By Grief to Heal

At a Good Friday service, a minister once advised:

There are some sorrows too great for the body to bear, and for this reason we have rituals.

If this is true, then perhaps also the converse is true. To confront our deepest wounds, we strip away all semblance of ritual, and connect to our experience through the simplest practice.

For the final workshop of my Soul Play Fall Fest, I participated in Clarity Breathwork with Ashanna Solaris. The thirty attendees almost filled the space. After a brief explanation of the practice, Ashanna passed a crystal around the room, asking each of us to share our name and a few words that described the goal we hoped to achieve. Seated just to her right, I received the stone last. Held in my left hand, the crystal was infused with the energy cupped in my right as I slowly intoned:

Empowered feminine partnership.

But the Father asserted himself.

We were organized in two rows, heads toward the center with a footpath to allow Ashanna and her assistant to reach easily those overwhelmed by powerful emotion. I positioned myself next to the wall, actually a short space from the others.

The practice was simple: a slow rhythmic breathing, described by Ashanna as “feminine.” The inhale was heard as “ah” and the exhale as “oh.” No pauses between – we were to create a deep, steady cycling of energy.

Whether fighting food coma or afternoon lethargy, for the first twenty minutes I had trouble staying awake, much less maintaining the rhythm. Eyes closed, four times or five I heard a female voice in my ear encourage me to “Keep breathing.” Finally I got the knack of it, enjoying a steady cycle that built energy between my hips and solar plexus.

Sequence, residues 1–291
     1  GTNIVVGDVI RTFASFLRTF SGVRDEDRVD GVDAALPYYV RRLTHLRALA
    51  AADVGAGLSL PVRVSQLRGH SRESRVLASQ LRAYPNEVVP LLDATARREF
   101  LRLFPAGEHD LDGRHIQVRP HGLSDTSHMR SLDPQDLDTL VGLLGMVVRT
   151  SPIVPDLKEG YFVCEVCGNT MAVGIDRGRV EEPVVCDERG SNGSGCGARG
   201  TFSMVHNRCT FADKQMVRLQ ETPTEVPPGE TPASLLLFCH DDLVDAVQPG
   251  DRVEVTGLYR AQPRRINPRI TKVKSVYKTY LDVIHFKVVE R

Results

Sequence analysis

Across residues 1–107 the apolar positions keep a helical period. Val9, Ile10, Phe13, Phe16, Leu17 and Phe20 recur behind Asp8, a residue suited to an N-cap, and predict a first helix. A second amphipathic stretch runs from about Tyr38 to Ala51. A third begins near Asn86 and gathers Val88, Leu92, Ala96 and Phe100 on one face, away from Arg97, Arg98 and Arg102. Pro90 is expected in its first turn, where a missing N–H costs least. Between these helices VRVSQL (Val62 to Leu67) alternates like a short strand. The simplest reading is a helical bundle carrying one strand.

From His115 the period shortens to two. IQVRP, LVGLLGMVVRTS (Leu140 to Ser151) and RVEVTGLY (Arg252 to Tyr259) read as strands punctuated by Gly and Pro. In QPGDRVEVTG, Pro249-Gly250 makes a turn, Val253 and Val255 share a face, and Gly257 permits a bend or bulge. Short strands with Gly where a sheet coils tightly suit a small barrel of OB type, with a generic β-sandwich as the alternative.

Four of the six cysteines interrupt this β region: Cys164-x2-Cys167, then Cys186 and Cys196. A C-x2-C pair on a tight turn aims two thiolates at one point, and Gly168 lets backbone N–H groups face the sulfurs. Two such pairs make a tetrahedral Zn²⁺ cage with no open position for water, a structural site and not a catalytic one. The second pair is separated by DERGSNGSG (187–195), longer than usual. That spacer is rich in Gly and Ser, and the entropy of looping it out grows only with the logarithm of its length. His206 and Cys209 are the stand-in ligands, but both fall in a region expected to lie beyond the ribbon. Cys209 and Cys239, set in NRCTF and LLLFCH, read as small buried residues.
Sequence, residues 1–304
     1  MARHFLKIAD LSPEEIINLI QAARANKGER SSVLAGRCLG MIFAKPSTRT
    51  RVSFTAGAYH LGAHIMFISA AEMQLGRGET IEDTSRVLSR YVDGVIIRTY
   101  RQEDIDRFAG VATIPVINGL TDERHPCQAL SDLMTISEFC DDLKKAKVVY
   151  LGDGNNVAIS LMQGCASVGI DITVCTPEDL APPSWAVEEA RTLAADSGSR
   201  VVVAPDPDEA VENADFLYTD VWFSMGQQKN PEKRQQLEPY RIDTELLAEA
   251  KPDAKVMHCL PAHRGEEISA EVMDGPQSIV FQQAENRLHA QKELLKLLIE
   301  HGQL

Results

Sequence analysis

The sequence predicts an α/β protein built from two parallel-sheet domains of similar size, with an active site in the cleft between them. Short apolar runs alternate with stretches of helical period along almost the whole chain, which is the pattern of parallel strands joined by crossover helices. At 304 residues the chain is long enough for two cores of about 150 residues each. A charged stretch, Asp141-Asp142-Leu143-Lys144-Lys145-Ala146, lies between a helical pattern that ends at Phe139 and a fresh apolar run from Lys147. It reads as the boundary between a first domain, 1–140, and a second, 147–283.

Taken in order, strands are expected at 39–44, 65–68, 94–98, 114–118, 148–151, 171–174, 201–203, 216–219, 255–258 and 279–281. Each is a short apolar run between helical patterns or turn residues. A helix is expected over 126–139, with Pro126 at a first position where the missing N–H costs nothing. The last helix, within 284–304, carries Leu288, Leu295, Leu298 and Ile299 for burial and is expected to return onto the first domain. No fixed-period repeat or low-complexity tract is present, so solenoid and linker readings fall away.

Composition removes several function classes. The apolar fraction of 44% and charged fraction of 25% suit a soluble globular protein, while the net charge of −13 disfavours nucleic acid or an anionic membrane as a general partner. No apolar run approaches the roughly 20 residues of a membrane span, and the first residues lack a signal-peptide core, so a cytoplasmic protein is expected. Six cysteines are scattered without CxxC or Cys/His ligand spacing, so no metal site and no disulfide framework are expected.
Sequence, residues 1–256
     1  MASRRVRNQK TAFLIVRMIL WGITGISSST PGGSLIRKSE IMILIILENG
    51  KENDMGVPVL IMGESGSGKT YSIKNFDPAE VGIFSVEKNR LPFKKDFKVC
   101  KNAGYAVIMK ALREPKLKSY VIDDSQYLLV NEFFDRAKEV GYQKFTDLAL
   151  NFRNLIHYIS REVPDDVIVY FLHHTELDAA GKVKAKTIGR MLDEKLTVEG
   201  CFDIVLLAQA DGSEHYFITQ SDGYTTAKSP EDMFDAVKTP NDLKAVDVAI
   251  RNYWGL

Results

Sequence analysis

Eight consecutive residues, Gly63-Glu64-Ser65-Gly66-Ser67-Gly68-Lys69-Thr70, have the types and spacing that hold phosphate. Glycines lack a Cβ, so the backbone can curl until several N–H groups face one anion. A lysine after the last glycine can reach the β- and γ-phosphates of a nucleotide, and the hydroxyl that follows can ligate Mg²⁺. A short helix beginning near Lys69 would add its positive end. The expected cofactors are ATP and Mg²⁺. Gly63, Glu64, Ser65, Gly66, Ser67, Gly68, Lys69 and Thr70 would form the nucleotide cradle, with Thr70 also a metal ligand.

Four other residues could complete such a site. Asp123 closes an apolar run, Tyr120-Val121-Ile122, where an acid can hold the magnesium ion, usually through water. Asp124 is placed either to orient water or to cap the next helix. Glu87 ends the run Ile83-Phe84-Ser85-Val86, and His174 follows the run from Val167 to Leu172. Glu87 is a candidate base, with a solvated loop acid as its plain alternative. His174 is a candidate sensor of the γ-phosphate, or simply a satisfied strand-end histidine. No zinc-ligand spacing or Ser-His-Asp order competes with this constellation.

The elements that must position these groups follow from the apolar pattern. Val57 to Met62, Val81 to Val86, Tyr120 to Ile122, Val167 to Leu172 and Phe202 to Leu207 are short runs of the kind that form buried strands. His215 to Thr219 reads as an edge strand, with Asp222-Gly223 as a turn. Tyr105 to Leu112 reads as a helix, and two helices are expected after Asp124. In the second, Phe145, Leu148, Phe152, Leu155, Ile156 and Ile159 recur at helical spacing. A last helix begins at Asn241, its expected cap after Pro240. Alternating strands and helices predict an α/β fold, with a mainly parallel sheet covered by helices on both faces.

The voice was not satisfied. “Breathe into your heart. Let it rise into your chest.” Allowing my ribs to expand with the inhale, my back arced away from the carpet as my breastbone lifted upwards, falling with the exhale. The blocked energy washed upwards. Running from shoulder to shoulder, an intense band traced my head.

Sorrow awoke in my heart and built through five or so repetitions, and I was there again. My breath caught on the grief of the experience, losing its rhythm. The voice again ordered “Keep breathing.” I went deeper, and then crumbled in psychic agony. Wracked by sobs that broke into moans, the inhale became a brief gasp. I struggled for a minute, the blood-streaked visage filling my mind’s eye, until the voice commanded, “Breathe, breathe.” Slowly the inhale became longer, the exhale less explosive.

I was astonished by the serenity of the face above the broken body. My forearms just below the wrists began to glow with energy. He suffered, but when the animal reactions asserted themselves, he projected them away. That urge to scream, to struggle against the pins that held the limbs against the wood, to flee the pain of metal grinding against bone, these were suppressed and projected forward, finding their way through two thousand years to me.